Wild was my most recent read, completed today, and so far it’s my favorite nonfiction work of the year. Nothing in the world would possess me to ever wish to do something like hike the Pacific Crest Trail, but reading Cheryl Strayed’s account of it–interwoven with her memories of her mother’s life and death–was entangling. I say entangling instead of fascinating or entrancing because some of those memories are deeply sad, but Strayed’s fluid prose swept me off my feet. And her honesty and essential goodness glow through the text.

Oddly enough I’d read the far less emotionally fraught memoir Kitchen Confidential and A Cook’s Tour in the same week, and struggled to get through them. It was easy to fly through Wild, and I’m not certain why: the singularity of Strayed’s story, maybe? I liked it very much, although I remain Mr. Bourdain’s ever faithful admirer, &c.

I’ve read a lot of memoirs in 2012. Tina Fey, Mindy Kaling, Tony Bourdain, Cheryl Strayed, and on and on. I’m assembling a preliminary reading list for 2013, and so far no memoirs. Will post the read 2012 list and the to-read 2013 when they are both more complete.

“We must travel in the direction of our fear.”

“We must travel in the direction of our fear.” -John Berryman, via Mikko Kuorinki

Halloween drawing! Pumpkinhead & creepy doll, charcoal. About 1 hour.

Hello November! Only two more months until 2013. Finished a book this weekend–finally, I have been so bad about keeping up with my reading–and read all of my back issues of Sunset that I hadn’t gotten to. Carter finished the bathroom renovation project, just about, and I tidied up the house, did laundry, and cooked. There was an IKEA trip, design class, Home Depot, Target, and Costco. I stayed up until midnight Friday constructing a color wheel for design class with acrylic paint. It was exhausting. I know I’ve told myself that I don’t need to try that hard in community college art classes since they are larks and not meant to be taken so seriously but it’s hard to shake old habits. It’s hard to not want to be perfect, even when perfection is unnecessary or a poor use of time.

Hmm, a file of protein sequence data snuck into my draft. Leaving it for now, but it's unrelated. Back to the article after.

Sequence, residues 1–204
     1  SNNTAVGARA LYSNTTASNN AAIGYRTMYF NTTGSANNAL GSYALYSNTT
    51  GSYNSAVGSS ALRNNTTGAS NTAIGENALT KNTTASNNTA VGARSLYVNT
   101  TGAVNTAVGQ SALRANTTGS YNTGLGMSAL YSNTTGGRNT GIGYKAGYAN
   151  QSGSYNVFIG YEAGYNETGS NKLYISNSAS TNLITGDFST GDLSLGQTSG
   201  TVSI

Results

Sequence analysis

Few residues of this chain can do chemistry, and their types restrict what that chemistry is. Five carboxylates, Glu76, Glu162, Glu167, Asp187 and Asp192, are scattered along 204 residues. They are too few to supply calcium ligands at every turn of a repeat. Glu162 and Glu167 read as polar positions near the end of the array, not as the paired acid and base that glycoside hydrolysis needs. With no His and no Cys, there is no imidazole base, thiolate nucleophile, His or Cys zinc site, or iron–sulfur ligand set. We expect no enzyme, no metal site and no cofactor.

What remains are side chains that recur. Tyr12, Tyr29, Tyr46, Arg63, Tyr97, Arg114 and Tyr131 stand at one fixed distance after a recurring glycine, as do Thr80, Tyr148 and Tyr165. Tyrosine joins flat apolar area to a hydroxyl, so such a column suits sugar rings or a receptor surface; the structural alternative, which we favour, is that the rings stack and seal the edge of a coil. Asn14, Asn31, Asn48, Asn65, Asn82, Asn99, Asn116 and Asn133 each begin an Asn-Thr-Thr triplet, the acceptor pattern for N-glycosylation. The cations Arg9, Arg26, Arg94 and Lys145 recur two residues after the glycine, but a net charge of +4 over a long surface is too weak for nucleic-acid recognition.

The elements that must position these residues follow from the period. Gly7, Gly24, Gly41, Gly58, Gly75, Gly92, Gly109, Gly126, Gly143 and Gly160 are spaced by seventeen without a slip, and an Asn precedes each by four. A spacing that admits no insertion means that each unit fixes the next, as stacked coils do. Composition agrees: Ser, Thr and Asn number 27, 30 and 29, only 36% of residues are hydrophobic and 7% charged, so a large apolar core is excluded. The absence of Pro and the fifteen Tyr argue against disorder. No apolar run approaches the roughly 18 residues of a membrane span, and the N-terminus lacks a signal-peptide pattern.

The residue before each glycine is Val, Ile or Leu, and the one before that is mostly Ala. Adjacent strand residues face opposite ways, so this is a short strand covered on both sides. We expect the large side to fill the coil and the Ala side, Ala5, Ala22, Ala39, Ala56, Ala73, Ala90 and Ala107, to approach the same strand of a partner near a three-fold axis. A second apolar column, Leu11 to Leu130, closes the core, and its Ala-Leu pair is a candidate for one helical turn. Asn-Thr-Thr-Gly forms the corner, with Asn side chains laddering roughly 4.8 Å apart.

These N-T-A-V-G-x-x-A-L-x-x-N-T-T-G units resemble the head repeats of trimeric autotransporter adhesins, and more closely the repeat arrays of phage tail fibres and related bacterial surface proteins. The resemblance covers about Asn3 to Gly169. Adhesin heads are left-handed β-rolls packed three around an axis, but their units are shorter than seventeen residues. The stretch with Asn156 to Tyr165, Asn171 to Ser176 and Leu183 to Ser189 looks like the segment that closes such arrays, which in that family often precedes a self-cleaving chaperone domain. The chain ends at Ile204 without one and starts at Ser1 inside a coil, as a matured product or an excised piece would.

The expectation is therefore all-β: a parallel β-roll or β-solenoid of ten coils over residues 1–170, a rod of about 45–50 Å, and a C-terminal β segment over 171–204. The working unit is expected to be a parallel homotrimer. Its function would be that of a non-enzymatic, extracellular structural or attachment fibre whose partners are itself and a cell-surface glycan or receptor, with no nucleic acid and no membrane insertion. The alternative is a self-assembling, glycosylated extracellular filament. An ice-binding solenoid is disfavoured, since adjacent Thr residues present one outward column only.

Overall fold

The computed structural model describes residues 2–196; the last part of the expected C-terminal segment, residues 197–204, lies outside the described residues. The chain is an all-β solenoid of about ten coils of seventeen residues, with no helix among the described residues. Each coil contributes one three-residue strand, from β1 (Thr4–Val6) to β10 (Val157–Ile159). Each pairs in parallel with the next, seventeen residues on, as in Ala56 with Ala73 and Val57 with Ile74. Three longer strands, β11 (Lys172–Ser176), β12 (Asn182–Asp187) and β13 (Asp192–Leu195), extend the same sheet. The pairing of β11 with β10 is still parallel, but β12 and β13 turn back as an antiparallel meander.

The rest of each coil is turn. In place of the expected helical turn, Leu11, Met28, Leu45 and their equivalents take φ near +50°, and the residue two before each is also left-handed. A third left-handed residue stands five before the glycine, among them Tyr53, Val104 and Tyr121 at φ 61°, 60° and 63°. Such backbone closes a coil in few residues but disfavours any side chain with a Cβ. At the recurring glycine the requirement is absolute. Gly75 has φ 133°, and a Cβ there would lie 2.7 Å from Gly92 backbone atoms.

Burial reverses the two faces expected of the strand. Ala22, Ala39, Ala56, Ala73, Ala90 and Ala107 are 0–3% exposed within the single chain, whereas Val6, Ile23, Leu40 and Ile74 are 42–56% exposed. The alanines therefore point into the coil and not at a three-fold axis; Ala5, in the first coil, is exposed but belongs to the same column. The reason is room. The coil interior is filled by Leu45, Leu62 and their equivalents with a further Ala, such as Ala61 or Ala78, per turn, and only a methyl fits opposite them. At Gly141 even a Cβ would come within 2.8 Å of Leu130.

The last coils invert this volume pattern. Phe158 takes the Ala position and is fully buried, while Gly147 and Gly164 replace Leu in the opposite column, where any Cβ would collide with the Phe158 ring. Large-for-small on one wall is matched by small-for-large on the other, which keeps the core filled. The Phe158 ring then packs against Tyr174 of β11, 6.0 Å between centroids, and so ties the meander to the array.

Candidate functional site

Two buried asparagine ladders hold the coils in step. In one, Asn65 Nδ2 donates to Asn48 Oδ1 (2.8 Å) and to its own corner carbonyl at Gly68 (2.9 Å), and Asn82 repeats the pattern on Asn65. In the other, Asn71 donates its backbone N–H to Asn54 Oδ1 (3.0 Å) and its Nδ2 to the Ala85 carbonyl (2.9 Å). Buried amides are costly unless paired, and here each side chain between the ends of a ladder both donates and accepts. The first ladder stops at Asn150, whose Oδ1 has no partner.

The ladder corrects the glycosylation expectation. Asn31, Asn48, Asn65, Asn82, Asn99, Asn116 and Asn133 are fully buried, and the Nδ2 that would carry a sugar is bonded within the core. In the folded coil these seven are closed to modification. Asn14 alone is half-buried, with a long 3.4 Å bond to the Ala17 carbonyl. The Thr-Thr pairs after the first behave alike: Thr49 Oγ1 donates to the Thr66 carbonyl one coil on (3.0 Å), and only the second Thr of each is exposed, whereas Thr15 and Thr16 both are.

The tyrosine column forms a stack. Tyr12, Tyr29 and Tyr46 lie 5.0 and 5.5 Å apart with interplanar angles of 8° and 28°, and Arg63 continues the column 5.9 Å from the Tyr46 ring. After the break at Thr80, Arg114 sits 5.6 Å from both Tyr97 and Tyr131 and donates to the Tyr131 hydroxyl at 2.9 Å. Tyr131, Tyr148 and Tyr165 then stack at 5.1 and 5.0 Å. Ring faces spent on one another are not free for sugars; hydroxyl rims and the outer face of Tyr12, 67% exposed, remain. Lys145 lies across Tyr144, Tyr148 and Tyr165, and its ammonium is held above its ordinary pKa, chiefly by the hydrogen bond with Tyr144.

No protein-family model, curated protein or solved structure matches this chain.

When I was in middle school, I loved my English teacher. I (and a few friends) would crowd into her classroom during lunch to watch Pride & Prejudice (the Jane Austen version). My eighth grade was her last year teaching; she was leaving once we graduated to become a full time mother to her growing brood–I think she had 3 young children at the time and would have at least one more child. I remember her telling me, wistfully, that time seemed to speed up every year as she got older.

Smack dab in the midpoint of adolescence, I internally scoffed at the notion. For me, on that day, time stretched out slow and uneven, like kneading raw dough; college lingered in the distance both too close and far away; my friends too were caught somewhere between childhood and something else. My mind dismissed her observation, but I’ve never forgotten it.

And now, more and more, it feels true. The immediate impulse, then, is to shovel more experiences and feelings and thoughts into the day, to make use of the time before it sprints away. Of course this has the opposite intended effect: the more you do, the faster time goes by.

Still, the urge to do more and more is irresistible to me. There is so very much to learn and try and taste and I can’t slow down.